Memo: The Rise of the Holding Companies

One side has the advantage of distribution, the other side has the advantage of brand equity. I believe that the holding company trend will favor brand equity in the long run.

As the rumor persists that Thrasio is nearing a public offering, its competitors are growing in force, with Branded Group, Elevate Brands, Unybrands, Technology Commerce Management, Boosted Commerce, Heyday, and Win Brands Group among them. While technology may play a role in quantifying each investment’s viability and potential upside, none rely solely on an algorithm to determine a brand’s fate. That is, until recently.

OpenStore has raised $30 million to grow its business rolling up Shopify sellers, Axios reported this week. The emergence of a cottage industry of merchant holding companies on Shopify, also a thriving business for Amazon sellers, is telling: Shopify has built an eCommerce universe with gravitational pull. Here is how OpenStore works:

  • retailers hand over login credentials
  • OpenStore verifies sales and other inventory data
  • bots determine the acquisition offer by the next business day

OpenStore is now valued at $250 million and has already launched its automated acquisition tool targeting thousands of brands. While Shopify merchants sell on their own sites with no centralized selling platform, OpenStore can benefit from the richer nature of these sellers, who have direct relationships with their customers, unlike Amazon sellers. OpenStore is targeting sellers that are struggling to stand out in a vast sea of eCommerce players – a smart tactic as customer acquisition, marketing and brand awareness are among the most expensive parts of building a merchant business, and Shopify lacks the promotional algorithm and search functions of Amazon (though that’s beginning to change with Shop).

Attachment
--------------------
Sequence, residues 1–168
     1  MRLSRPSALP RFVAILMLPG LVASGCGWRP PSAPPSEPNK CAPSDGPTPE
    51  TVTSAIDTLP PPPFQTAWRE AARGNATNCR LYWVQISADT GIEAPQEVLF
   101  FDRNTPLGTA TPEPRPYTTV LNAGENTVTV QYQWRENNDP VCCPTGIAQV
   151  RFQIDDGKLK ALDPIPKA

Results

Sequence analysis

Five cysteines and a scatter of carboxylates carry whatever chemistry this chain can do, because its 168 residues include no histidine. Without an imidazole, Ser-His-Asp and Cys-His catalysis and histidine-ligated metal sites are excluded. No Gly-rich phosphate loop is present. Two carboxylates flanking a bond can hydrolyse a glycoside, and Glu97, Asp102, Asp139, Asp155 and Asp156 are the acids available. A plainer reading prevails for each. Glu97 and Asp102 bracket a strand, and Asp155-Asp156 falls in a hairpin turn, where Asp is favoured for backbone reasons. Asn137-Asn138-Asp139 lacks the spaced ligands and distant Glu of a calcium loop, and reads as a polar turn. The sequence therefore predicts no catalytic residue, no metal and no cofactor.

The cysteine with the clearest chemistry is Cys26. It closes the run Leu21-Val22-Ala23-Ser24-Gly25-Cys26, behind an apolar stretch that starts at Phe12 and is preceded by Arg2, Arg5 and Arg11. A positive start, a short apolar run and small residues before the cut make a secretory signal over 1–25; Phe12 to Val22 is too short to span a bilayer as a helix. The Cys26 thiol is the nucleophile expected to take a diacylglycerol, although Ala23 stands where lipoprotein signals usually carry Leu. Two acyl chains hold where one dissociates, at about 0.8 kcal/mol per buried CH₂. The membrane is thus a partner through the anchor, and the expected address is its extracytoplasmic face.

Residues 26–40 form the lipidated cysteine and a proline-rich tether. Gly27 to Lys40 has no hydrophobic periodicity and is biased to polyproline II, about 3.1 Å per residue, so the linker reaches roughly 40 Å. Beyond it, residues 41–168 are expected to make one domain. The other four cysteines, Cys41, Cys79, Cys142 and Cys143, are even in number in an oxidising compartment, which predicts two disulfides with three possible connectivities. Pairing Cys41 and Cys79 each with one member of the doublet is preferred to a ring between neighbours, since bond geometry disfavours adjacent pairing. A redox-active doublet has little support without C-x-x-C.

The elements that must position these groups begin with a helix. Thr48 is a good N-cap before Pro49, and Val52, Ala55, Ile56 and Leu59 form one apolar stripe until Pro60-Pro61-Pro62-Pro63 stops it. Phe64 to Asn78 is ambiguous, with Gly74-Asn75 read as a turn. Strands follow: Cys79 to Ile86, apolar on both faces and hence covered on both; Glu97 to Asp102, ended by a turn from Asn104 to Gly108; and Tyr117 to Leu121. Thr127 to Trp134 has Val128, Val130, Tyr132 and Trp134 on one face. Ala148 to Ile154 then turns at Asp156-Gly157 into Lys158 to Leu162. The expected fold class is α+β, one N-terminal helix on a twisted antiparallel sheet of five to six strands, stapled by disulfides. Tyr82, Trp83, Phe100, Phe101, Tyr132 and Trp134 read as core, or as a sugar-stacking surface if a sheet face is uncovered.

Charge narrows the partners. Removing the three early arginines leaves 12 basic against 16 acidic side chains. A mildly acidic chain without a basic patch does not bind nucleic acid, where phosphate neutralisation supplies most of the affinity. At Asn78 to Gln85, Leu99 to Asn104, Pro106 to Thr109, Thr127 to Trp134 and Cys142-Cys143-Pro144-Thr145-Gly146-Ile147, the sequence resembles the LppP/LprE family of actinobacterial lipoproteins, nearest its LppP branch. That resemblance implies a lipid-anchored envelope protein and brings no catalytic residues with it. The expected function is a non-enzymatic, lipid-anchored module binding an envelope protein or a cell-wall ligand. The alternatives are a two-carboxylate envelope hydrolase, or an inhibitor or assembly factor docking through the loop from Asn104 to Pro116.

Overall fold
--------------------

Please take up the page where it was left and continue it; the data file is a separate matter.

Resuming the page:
Amazon is the queen of discoverability.

According to Bloomberg, Shopify is leaning into the roll-up functionality, having built its own exchange for storefronts. The offer process will soon become part of the Shopify platform: any merchant can log in and, using OpenStore’s bots, receive a bid for selling their entire business. Shopify’s roll-up business has room for scale but is still far off from Amazon’s, and that’s for good reason. While Amazon sellers tend to have more scale than the traditional small business merchant, Shopify sellers tend to score higher on a measure of brand equity and net promoter score. For Amazon sellers, few own the relationship to the customer. It requires a bit of sophisticated advertising and sales funnel development to target Amazon customers, driving them over to the brand’s native cart. Shopify brand acquirers see one less step. For companies like Win Brands Group, a backend system of operational excellence is used to improve operations, grow margins, and trim duplicity. Time will tell whether or not OpenStore has a similar strategy in the works.

Amazon’s advantage remains product discoverability. The roll-up companies devoted to that format usually acquire FBA brands with less short-term risk but higher long-term risk. This is the key question: